You’re young, bored, and overpowered by primal urges. And you’re deeply disappointed by the fiesta meter in Berkeley, a town still burdened by the legacy of Prohibition — and, with it, a law that prohibited the sale of alcohol within a mile of the university campus, which wasn’t repealed by the state legislature until 1978. Add to that a 2005 ordinance banning booze in Berkeley’s Greek system, and it looks like frat row isn’t necessarily the place for an underage drinker to hang anymore.
But here’s a small silver lining: Berkeley, while never really a drinking destination, is actually a hotbed of all-ages entertainment venues. No need to procure a fake ID; this city has plenty of options for the freshman bon vivant. So, in fact, do the neighboring cities of Albany and Oakland. Here are just a few recommendations:
If your taste skews punk and metal, check out Berkeley’s most famous punk club, 924 Gilman (924 Gilman St., Berkeley, 924Gilman.org), an all-volunteer run, non-discriminatory, non-elitist, and safe venue that has a strict no drugs-or-alcohol policy. Despite its gritty veneer, Gilman tries to foster an atmosphere of warm kinship. It even stays open on Christmas for people who have nowhere else to go. Not to mention the fact that the volunteers host an annual punk prom for kids who feel too alienated to attend their high school prom, or who just want a funkier alternative.
Hewing to the same all-inclusive value system as the punk venue nearby, albeit from a slightly different angle, Ashkenaz (1317 San Pablo Ave., Berkeley, Ashkenaz.com) is dedicated to showcasing folkloric music from all parts of the globe, and offers dance lessons in Balkan, Cajun, African, Middle Eastern, Latin, gypsy, and western swing, among other forms, to beginners of all ages. It’s about as quintessential a Berkeley experience as you can find outside the city council chambers.
A crowning jewel of the Addison Street Arts corridor, Freight & Salvage (2020 Addison St., Berkeley, TheFreight.org) books musical acts from throughout the folk diaspora — including The House Jacks, recent Berkeley High alum Sister T., chamber bands, the Jazz Mafia brass section, and favorite local riot grrrl Shelley Doty — and has one of the best sound systems in the entire Bay Area, to boot. The prices are a little steeper than most local clubs (usually ranging from $20 to $24 a ticket) but the quality is worth it.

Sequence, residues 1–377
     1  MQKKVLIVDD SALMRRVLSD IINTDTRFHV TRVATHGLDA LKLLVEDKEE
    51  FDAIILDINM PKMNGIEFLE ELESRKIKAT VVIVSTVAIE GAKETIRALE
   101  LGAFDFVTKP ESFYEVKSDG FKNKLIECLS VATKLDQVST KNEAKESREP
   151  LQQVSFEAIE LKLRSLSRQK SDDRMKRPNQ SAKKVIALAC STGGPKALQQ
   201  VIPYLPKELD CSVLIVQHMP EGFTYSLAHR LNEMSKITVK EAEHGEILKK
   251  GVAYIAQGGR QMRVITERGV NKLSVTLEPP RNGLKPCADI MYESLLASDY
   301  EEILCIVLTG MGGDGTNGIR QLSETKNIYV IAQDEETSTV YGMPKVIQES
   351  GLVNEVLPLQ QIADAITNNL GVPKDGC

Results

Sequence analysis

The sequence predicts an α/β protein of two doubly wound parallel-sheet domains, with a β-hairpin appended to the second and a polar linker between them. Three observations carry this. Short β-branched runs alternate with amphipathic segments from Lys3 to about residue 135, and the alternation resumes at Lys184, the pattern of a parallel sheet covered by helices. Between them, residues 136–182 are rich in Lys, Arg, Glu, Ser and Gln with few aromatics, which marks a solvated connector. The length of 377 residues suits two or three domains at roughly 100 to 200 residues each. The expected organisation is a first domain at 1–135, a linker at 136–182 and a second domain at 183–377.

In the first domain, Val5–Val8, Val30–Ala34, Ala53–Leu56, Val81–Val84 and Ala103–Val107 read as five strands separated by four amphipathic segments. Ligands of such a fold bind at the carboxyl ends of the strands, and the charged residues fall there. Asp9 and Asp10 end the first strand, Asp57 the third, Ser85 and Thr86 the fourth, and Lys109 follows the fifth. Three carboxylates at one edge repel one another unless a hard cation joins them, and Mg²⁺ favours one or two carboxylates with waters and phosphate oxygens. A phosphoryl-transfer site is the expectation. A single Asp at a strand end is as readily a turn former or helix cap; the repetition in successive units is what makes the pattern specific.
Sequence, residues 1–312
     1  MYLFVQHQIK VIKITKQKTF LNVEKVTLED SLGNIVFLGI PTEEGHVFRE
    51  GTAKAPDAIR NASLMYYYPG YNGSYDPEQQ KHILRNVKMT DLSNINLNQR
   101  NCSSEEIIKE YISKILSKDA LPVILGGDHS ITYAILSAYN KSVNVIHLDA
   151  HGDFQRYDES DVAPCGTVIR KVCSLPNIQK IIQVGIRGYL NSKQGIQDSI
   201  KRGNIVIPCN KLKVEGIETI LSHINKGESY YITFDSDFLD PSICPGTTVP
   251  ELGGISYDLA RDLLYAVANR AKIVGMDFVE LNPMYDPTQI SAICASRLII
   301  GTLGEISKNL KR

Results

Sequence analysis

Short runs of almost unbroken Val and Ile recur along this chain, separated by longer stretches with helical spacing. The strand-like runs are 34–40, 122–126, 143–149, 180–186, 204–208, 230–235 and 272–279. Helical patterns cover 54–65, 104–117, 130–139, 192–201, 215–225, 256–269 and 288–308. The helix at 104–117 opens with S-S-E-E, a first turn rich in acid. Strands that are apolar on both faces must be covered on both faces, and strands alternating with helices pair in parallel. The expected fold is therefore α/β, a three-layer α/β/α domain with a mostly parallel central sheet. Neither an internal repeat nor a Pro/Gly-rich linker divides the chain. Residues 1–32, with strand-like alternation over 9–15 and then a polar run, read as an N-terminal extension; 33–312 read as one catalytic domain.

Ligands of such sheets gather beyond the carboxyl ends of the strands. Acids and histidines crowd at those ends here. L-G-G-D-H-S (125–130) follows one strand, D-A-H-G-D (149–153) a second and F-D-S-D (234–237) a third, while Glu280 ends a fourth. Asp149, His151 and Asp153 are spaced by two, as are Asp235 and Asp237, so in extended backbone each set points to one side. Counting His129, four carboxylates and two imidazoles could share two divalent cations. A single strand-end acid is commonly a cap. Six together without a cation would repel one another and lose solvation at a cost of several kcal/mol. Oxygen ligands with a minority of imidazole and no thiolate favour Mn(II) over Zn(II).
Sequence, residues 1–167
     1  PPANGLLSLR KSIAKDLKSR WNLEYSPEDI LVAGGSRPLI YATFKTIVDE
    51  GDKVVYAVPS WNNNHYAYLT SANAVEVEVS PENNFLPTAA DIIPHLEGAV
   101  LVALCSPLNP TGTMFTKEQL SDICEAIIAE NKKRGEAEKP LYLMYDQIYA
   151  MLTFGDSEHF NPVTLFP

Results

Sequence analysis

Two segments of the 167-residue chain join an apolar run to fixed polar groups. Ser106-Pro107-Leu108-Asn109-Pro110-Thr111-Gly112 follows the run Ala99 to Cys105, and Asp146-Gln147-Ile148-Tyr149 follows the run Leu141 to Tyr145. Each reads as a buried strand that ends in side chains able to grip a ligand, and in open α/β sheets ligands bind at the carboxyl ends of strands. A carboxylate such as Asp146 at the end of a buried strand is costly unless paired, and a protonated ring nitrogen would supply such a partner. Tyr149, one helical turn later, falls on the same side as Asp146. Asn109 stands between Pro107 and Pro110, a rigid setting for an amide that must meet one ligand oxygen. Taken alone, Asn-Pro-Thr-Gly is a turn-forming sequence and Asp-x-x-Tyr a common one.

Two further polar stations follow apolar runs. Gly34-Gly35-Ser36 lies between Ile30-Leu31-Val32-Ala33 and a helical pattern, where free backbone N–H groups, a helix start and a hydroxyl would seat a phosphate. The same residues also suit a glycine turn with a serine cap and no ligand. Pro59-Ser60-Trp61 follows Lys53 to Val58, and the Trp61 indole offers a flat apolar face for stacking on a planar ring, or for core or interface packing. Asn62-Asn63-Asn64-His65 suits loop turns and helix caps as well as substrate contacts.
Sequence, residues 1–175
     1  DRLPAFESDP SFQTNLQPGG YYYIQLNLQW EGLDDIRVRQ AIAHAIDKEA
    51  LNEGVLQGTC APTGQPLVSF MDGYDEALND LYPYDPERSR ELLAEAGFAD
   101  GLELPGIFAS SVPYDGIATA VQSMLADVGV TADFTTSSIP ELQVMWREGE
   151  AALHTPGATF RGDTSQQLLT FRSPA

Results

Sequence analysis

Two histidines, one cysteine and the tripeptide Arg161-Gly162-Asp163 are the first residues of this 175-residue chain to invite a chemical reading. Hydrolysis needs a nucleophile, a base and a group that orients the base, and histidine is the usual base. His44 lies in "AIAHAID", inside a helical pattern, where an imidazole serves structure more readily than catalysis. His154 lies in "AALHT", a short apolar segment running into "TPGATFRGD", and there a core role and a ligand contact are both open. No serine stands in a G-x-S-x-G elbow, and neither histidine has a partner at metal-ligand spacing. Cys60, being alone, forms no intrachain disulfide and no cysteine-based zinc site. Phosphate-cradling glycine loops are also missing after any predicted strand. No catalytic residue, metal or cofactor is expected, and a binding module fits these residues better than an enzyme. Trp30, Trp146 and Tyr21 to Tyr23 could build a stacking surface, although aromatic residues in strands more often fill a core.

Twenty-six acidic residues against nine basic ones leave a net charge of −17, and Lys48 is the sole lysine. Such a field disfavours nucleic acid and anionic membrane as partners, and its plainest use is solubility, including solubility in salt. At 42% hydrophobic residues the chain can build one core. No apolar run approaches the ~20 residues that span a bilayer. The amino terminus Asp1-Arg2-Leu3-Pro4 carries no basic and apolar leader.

For those who like intimate spaces, Subterranean Arthouse (2179 Bancroft Way, Berkeley, SubterraneanArthouse.org) is one of the coziest in Berkeley. The shows range from chamber ensembles to straight-ahead jazz to sketch comedy, and usually cost between $5 and $15.
La Peña Cultural Center (3105 Shattuck Ave., Berkeley, LaPena.org) was founded in the Seventies by a group of North American and Latino activists with a shared social justice credo, fueled, in part, by their anger over the US-sponsored 1973 military coup in Chile. And the arts center still hews to that sentiment, booking acts that often have a humanitarian or activist bent. It’s had an important presence in various East Bay music scenes, including the underground hip-hop movement, and although it’s primarily known for world music, the venue also books DJs, lectures, film screenings, feminist folk shows, and spoken word.
If you’re looking for risky performance art or live music, check out the [email protected] Friday: Nights at BAM/PFA (5-9 p.m. every first Friday, 2626 Bancroft Way, Berkeley, BAMPFA.berkeley.edu) at the Berkeley Art Museum. Past iterations have presented DJs in the lobby, choirs packing the stairwells, electronic musicians showcasing their vast rigs, light shows, and pianos on the ground floor. The Berkeley Art Museum is a pretty impressive place to take your date on a Friday night, and since it abuts the Pacific Film Archive, you can always catch something interesting if the art doesn’t tickle your fancy.